What I've Read

Friday, October 17, 2014

Book Review: The Name of the Wind by Patrick Rothfuss

The Name of the Wind (The Kingkiller Chronicle, #1)The Name of the Wind by Patrick Rothfuss
My rating: 4 of 5 stars

I won't lie to you. I probably would never have read this if my boyfriend had not been so incredibly passionate about it.

I would have missed out on a story that may very well do for my adulthood what Harry Potter accomplished in my youth.

Things I loved:
-Kvothe's character development was astounding. Seeing his past self and his future self side by side gives such a significant juxtaposition between then and now.
-The side characters are just as amazing. They have depth and breadth and lives that are just as complex as Kvothe's, and Rothfuss treats them with human respect.
-The story was beautiful, intricate and detailed yet still wild and unkempt, just like traditional oral epics. There is a method to this madness.
-The world. Rothfuss has created a mysterious world full of familiar faces that I just wanted to learn more about (and I will continue to in book 2).

Things I did not care so much for:
-Repetitious phrasing (usually in descriptions). When Rothfuss said something he liked, he returned to it.
-References back to foreshadowing
-There were some typos and grammatical errors (but that's more on the editor than the writer)

I loved this novel and I'm ready to get back to this world.

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Monday, August 4, 2014

Book Review: The Energy Bus by Jon Gordon

The Energy Bus: 10 Rules to Fuel Your Life, Work, and Team with Positive EnergyThe Energy Bus: 10 Rules to Fuel Your Life, Work, and Team with Positive Energy by Jon Gordon
My rating: 3 of 5 stars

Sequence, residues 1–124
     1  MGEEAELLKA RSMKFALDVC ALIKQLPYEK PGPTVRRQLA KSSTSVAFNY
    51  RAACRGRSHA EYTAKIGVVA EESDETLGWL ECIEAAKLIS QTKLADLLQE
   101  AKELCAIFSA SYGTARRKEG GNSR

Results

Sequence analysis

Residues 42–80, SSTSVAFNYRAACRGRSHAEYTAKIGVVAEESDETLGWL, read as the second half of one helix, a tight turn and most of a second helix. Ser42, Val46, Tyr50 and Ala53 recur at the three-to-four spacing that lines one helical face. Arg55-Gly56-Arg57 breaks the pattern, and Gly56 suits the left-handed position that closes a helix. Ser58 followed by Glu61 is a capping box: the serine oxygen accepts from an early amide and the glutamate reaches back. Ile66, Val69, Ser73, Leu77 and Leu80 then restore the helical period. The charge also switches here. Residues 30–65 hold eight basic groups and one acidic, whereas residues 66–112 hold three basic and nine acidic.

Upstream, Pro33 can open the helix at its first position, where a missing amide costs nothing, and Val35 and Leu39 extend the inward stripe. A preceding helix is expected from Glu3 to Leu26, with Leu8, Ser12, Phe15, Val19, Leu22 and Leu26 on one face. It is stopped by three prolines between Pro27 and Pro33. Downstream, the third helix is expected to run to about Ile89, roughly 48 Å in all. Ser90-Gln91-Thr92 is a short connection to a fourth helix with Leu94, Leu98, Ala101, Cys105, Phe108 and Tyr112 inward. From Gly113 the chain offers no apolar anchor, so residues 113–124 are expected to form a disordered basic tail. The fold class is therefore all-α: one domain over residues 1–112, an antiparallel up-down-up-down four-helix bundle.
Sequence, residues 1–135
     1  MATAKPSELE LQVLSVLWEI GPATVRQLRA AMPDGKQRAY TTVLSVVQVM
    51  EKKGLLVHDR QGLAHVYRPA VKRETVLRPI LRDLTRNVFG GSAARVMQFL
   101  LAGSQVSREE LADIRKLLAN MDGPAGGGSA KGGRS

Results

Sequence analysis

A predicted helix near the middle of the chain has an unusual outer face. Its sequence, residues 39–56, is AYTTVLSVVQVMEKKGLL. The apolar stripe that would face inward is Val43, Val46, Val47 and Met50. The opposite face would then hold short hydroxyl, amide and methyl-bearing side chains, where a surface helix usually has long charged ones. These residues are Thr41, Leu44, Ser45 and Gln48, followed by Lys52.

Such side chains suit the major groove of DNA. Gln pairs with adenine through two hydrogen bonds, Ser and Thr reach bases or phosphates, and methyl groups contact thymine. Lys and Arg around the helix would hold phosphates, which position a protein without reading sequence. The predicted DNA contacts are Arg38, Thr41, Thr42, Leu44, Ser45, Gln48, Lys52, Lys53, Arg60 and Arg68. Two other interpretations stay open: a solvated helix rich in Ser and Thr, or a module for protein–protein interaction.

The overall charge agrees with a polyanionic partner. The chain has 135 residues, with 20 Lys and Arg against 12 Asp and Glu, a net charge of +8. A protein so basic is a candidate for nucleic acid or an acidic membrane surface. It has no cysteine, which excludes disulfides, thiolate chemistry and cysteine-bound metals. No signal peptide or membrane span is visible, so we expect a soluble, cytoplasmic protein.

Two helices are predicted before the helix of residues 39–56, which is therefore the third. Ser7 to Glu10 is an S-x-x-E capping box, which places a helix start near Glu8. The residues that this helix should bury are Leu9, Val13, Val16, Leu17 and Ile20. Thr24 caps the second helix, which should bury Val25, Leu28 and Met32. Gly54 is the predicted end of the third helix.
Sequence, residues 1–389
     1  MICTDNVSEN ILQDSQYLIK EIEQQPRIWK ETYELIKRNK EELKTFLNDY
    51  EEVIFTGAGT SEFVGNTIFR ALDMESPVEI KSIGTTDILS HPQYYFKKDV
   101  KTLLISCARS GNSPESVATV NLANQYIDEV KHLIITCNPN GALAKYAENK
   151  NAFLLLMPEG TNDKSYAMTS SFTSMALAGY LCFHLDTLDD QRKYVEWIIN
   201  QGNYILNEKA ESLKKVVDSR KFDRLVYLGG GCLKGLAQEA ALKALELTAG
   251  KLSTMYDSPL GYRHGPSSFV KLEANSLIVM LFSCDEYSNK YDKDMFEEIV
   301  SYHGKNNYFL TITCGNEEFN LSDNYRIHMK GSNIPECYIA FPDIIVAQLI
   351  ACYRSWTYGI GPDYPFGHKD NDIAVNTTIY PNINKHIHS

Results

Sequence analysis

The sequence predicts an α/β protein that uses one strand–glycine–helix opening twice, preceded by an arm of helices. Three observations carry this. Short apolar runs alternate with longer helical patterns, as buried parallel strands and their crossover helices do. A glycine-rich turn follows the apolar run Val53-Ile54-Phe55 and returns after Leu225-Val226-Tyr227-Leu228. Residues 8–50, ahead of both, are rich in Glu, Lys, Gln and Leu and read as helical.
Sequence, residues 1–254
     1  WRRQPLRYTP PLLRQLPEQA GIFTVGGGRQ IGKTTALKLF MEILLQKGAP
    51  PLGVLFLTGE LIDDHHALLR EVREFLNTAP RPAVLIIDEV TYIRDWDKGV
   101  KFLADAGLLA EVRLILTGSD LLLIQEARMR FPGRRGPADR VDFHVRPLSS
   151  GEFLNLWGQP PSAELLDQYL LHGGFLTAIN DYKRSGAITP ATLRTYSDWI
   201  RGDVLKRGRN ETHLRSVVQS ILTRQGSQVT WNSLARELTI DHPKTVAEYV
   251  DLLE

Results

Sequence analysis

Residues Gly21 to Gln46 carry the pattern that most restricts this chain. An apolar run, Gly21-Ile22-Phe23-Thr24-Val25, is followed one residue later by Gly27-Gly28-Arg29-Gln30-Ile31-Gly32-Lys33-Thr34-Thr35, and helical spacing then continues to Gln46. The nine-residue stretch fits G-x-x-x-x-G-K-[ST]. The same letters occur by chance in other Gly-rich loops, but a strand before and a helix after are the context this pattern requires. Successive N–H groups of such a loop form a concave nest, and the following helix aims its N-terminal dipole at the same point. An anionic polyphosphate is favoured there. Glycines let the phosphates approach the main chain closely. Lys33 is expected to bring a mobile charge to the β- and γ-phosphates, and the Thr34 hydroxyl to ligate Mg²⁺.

I read this as continuing education for my school per request of my principal. This is a solid 3 star book, and I'll tell you why. The beginning was good, but toward the end, it started to feel too fluffy. I would have liked to see some real challenges overcome through being positive and patient. I mean, it's likely I missed the point.

I've always considered myself a positive person and a great many of those rules are applicable in life as well as within my faith. I think a true cynic would get nothing from this book, but I still agree with the premise.

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Sunday, July 27, 2014

Book Review: Still Life by Louise Penny

Still Life (Chief Inspector Armand Gamache #1)Still Life by Louise Penny
My rating: 4 of 5 stars

I feel like my review is probably NOT the most accurate because mysteries are generally not my cup of tea, however, Still Life is the exception. Still Life is like a strong cup of Earl Grey with just enough kick and a little sugar thrown into the mix.

The beginning was slow. I'll tell you that right off, but so many first novels in series are slow. The world, characters, and environment have to be set up, understandably. Once you get past the set-up, however, there is no turning back.

The characters are flawed and beautiful. It is quite rare that one finds a novel with characters who are so inherently human that you understand them, even to the point of committing murder. More than anything else, however, Still Life is about relationships. There are breathtaking and sometimes poignant romantic relationships, complex mentor/mentee relationships, and relationships among friends and neighbors in a small town. There are quirky and enigmatic side characters whose stories I so DESPERATELY want to know!

On a technical note, there were some grammatical errors and typos, but Louise Penny's style makes them almost unnoticeable. She switches seamlessly from one perspective to another- sometimes with as many as three or four perspectives on one page. It makes for a fast-paced read.

I will continue this series because I've fallen in love with Three Pines (and who doesn't have at least a little crush on Jean Guy Beauvoir?)

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Thursday, July 17, 2014

Book Review: Book Love

The Book Hacker is back! Sorry for my temporary absence. In the past few months, I've experienced a break-up, got a new (and AMAZING) job, relocated my entire life, and attempted to adjust to all of it.

I'm so excited that this is my first book to review since my sabbatical. I highly recommend it!